What brought you to Kent State?
I was drawn toward this program because of their child-first teaching philosophies. As a constructivist teacher having served as both a teacher and as an administrator, I always strive to be challenged and questioned in an effort to gain greater insight into my philosophy. I am also someone that seeks to inquire as to the philosophies of others as I steadfastly believe that what is seemingly right for me, may not be right for another – similar to the inter-workings of the early childhood classroom. As a life-long learner, I relish in the opportunity to listen to and experience with others, which is something that the classes at Kent State provide. It is not so much a matter of what is and what is not, but rather, why and why not?

Are you involved in any organizations/activities on campus?
I am a teacher at the CDC, which means I have a unique opportunity to work with students and families both collegiate and otherwise. In other words, this means that I have the privilege to learn about people, cultures, and families from all over the world, both in and outside of my classroom.

What are your most memorable experiences as a student of Kent State?

  • Challenging discussions in class that make me question who I am as a teacher and as a person.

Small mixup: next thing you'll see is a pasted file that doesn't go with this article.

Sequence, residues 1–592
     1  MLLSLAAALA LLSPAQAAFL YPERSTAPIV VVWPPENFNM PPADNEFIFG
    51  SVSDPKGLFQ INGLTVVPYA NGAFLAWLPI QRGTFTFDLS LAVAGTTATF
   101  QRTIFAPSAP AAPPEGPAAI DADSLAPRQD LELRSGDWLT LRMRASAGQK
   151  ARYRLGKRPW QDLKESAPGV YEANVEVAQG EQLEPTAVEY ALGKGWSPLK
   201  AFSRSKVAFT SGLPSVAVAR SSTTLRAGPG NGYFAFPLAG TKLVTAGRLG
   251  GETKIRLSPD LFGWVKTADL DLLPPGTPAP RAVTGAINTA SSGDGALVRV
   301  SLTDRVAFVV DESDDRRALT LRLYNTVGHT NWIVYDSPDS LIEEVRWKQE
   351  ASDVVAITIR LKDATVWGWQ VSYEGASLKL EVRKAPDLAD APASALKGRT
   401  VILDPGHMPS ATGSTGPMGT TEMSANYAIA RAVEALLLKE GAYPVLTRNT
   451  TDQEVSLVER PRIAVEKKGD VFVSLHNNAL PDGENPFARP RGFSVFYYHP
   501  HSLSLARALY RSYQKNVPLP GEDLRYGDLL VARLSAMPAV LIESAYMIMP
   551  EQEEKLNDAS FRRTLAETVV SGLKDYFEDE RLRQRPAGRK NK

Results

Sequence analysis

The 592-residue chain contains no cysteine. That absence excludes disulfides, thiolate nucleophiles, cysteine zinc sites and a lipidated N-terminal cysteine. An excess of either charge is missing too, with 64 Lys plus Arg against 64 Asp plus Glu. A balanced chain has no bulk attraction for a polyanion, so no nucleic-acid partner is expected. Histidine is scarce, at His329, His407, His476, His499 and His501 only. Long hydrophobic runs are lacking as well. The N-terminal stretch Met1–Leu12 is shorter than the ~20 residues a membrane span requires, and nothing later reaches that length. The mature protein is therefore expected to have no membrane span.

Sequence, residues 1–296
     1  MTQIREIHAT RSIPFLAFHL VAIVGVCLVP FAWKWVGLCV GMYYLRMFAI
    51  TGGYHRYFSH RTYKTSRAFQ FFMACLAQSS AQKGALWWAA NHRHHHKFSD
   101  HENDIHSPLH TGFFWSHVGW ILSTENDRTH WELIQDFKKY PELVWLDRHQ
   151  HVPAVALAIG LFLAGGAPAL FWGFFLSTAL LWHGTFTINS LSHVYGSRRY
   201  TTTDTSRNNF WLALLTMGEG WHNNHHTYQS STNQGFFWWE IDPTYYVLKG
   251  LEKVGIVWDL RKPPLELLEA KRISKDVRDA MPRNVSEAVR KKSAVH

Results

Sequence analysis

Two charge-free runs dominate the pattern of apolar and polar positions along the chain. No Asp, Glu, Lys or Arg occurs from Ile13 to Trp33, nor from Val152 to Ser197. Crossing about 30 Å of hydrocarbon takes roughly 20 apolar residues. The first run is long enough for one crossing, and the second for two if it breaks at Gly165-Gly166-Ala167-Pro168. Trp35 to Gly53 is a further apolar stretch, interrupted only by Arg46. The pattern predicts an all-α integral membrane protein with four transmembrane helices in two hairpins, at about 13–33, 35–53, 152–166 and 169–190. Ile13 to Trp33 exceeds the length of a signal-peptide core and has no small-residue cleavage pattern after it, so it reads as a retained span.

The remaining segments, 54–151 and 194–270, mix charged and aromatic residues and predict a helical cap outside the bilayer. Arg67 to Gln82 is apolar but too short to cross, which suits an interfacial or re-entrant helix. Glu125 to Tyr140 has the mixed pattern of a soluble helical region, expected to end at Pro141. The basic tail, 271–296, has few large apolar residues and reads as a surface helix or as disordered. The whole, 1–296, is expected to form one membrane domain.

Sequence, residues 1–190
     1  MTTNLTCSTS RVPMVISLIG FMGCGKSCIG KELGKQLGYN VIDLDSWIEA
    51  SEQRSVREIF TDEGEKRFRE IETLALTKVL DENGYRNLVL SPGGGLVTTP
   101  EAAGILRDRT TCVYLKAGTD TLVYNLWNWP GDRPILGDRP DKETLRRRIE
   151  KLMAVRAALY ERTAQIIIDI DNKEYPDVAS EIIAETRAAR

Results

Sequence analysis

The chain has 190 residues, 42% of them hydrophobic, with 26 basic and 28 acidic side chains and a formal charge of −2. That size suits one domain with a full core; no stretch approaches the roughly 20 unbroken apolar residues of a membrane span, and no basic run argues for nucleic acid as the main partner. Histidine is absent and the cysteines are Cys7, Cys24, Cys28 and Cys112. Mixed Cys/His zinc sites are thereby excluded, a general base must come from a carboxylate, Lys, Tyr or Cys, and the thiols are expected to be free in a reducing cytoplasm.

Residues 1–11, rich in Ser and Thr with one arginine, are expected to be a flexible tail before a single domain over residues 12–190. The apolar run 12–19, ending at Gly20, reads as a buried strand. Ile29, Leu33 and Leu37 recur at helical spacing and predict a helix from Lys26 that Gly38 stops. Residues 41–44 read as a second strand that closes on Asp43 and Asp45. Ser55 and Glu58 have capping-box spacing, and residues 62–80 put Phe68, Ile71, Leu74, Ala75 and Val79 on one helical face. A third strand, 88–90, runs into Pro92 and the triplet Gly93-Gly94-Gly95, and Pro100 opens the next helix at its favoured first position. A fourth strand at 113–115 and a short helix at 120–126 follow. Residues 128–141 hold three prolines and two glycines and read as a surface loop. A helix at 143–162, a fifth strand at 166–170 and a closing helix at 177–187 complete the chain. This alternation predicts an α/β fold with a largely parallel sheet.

• Campus scavenger hunt with my cohort
  • Stepping into the CDC and realizing that my life as a self-proclaimed gypsy was done and that I had found my home here in Kent, Ohio.

What is one thing you wish you’d known before coming to Kent State?
How much my life would change for the better. Oh! And buy your parking pass ASAP! Summit East is a LOOOOOOONG walk.


Christopher HouchinsChristopher Houchins

What year did you graduate and which programs did you complete?
I graduated the spring semester of 2013 and completed the Early Childhood Education program at Kent State.

Are you currently employed, and if so, where?
I am currently employed as a kindergarten teacher at John S. Park Elementary located in Las Vegas. 

What were some of your biggest challenges after graduating that shaped your career?
My biggest challenge was moving out west to Las Vegas shortly after graduating. Before moving, I had never traveled far, so moving really challenged my thinking about myself, my teaching, and about people much different from myself. I no longer had the support system of my family and friends and I had to rely on myself to guide my decisions.  Additionally, the school that hired me was a Title 1 school located right in the center of the city with a mostly Hispanic population that spoke little-to-no English. I’m not going to lie – the first few months were difficult. I was a new teacher in a new environment all by myself with 32 kindergarteners and no aide. At least half of the students spoke little-to-no English and I did not speak Spanish. However, as the year progressed, I got a handle on things and pushed myself to be the best I could be in that situation. Thankfully, I survived (and, you will too) and became a stronger teacher and person because of it.